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Selling chocolate during the pandemic: 3 tips to help boost your small business


If you had asked me six months ago where I’d be today, I would have told you I’d be getting ready to set up my regular pop-up stores at Marion, Adelaide, after the traditional Easter chocolate rush. However, never in my wildest dreams could I have imagined the reality; a global pandemic that has closed thousands of businesses and left millions isolated at home.

For my business, I’ve had to pivot, adapt and evolve over the last two months, just to survive. While restrictions are beginning to ease in my state, South Australia, it’s still necessary for me to think about how I can remain flexible and keep orders rolling in, even as things change around us.

Unable to get the usual pop-up store up and running, I have been forced into operating my business out of a small shop front at home. Despite a number of changes over the past couple of months, one of the key things that has kept me going is the influx of messages of support from my customers.

At a time when it’s very easy to feel overwhelmed and troubled by the immediate future – particularly as a small business owner – it’s important to stay resilient and lean on your local community for support. So, to help out other small business owners who find themselves in a similar situation, here are a couple of strategies I have implemented to weather the past couple of months.

Love local

Pre-coronavirus, some of my biggest stockists included cafes, airports and hotels. However, social distancing and government restrictions on travel and all non-essential businesses have temporarily ended those arrangements.

On the plus side – and it’s important to find the positives at the moment – when the pandemic hit, I found a lot of customers were looking for ways they could help support small businesses, and I found myself gaining lots of new customers as a result. Because we’re all in this together, I wanted to do the same to help other businesses.

Partnering with other local businesses, such as vegan dog treat company, Veggie Paws, not only helps me reach a new customer base, but it enables me to fulfil my commitment of supporting fellow small businesses. We combined our love of pets and chocolate and joined forces to create a series of pet-friendly treats to capitalise on the Easter rush.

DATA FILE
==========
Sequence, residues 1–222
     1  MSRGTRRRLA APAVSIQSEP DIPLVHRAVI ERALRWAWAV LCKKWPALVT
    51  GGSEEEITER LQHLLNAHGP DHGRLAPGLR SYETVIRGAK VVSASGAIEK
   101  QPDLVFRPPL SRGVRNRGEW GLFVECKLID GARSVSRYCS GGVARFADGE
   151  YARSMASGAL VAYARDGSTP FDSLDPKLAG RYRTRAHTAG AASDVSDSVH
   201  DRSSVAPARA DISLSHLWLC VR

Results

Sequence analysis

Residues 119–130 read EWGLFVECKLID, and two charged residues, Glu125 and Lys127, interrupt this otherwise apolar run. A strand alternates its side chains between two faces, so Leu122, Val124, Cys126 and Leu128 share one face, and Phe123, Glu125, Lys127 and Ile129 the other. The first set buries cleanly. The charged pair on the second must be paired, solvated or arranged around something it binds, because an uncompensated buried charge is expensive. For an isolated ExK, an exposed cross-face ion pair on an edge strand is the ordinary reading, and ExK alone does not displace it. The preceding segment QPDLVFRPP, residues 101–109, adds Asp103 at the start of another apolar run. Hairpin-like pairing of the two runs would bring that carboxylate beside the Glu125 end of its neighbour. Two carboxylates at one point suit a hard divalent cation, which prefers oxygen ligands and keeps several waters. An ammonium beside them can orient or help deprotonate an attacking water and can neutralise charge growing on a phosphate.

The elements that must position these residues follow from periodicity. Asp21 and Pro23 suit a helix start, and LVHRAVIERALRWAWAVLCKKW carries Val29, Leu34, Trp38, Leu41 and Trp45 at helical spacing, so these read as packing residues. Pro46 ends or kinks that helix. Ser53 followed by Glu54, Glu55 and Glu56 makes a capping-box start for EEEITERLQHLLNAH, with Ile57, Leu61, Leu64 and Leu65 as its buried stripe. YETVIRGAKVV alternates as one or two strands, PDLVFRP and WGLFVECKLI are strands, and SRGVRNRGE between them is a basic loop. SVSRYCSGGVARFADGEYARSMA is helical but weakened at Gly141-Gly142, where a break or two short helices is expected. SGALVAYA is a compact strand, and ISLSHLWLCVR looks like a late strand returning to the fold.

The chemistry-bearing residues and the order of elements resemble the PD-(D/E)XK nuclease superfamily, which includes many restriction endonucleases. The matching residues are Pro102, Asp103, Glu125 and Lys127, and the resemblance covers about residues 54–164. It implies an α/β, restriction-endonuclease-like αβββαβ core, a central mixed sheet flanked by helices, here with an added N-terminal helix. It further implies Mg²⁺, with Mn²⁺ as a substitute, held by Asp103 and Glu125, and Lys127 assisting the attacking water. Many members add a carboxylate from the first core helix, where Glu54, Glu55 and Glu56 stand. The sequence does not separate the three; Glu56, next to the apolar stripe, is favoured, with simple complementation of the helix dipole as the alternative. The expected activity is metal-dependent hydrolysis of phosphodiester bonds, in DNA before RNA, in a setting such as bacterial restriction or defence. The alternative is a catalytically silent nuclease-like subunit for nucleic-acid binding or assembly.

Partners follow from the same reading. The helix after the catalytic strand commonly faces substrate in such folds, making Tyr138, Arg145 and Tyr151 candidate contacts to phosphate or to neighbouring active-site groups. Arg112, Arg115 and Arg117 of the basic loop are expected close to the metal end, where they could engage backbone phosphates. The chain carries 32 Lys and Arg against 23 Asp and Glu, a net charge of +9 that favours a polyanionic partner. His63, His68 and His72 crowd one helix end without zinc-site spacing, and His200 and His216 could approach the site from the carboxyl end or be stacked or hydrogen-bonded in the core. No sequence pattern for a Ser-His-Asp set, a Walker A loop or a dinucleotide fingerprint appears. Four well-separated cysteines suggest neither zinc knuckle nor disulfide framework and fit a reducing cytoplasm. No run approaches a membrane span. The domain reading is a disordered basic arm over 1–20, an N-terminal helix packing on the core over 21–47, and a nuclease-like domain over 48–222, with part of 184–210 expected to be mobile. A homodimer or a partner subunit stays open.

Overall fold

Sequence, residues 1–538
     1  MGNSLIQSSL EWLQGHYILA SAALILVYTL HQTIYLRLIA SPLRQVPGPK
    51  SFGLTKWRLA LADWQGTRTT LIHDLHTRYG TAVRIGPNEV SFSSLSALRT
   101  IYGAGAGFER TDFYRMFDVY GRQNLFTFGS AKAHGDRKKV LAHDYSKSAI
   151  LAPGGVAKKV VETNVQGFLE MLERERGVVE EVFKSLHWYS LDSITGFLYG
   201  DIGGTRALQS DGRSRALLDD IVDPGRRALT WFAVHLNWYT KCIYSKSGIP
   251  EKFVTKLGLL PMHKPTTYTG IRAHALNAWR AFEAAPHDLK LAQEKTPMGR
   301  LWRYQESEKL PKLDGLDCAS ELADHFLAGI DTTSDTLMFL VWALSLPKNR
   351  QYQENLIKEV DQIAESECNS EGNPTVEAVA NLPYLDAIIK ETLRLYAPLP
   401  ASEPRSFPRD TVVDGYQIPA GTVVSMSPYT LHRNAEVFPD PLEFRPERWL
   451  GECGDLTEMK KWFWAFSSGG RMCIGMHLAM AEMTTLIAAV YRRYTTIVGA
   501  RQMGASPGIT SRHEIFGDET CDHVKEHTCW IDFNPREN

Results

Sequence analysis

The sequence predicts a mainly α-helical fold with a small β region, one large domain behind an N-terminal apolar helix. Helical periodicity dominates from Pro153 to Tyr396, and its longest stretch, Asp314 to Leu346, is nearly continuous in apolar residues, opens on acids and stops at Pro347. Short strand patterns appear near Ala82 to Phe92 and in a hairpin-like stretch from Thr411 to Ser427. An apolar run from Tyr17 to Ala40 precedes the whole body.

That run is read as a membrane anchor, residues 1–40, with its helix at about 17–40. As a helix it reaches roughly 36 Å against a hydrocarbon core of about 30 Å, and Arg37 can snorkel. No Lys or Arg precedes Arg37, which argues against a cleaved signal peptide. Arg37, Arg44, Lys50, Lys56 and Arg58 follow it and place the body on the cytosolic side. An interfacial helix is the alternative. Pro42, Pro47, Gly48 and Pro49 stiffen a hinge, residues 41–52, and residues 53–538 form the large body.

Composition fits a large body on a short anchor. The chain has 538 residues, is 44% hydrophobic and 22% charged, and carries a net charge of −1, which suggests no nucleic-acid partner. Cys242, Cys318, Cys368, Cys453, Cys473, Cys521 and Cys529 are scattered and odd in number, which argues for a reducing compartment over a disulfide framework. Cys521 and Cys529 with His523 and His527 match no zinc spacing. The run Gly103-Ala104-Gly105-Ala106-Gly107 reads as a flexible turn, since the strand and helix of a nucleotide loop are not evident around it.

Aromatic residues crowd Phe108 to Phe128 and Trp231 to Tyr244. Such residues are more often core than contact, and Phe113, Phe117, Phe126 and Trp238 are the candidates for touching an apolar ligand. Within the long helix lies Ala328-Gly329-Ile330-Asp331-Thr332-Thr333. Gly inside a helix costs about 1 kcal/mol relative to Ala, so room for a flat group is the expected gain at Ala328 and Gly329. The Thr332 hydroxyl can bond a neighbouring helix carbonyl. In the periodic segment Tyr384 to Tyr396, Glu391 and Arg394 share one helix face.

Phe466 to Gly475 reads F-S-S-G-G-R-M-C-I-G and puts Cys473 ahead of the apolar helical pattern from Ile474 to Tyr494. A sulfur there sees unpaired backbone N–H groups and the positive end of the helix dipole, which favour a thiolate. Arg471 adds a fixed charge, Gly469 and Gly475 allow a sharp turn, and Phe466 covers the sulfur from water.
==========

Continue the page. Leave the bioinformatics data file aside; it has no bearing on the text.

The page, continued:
It’s amazing to see small businesses and the community helping each other during this time, and it’s certainly made me realise the long-term importance of coming together as a community of small businesses working together.

Request a deposit before pickup

Maintaining a healthy and reliable cash flow is always important for small businesses, but particularly so during times like these. I have found that requesting prepayment or a deposit before pickup has been a great way to boost cash flow when sales might be slower. A deposit has also provided great peace of mind, which is especially important for small businesses during a period where every dollar is important.

Get online to reach customers in lockdown

An online presence has played a huge role in keeping the virtual doors of my business open, while the physical ones are closed. Facebook and Instagram, in particular, have been very useful platforms to not only engage my current customers, but reach new ones who might be searching for handmade chocolates online.

Posting engaging content such as videos of my new creations and flavour combinations, and running competitions for my followers has helped encourage likes, comments and, most importantly, shares. Engagement like this has not only helped keep my business top-of-mind for my customers, but has helped to generate positive word of mouth so I can reach new ones too.

The Cheeky Chocolate Queen website is currently the only place you can buy my chocolate, so it has played a pivotal role in helping me keep the money flowing into my business. I’ve discovered how important it is to be visible online – not just during this pandemic, but always.

Getting my website online with GoDaddy in 2019 has helped me expand my reach beyond locals to chocolate-lovers all around the country. This pandemic and shift to an online focus has made me realise it will be a key focus as I look to continue to grow my business and its reach over the coming years.

So far, 2020 has been very different to what I expected, and it’s certainly taught me a lot about resilience and what I can overcome if I set my mind to it. There’s no doubt I wouldn’t be where I am today without the support of other local small businesses and the tech tools that have helped me create an engaging, effective online presence for my business.

Despite the challenges businesses around the world have faced over the past few months, with restrictions easing locally, and an online presence to supplement my traditional brick-and-mortar operations, I feel I have all the tools at my disposal when things return to ‘normal’.

Rebecca Day is the Founder of The Cheeky Chocolate Queen, creating unique, handcrafted chocolates and frogs in 65 flavours.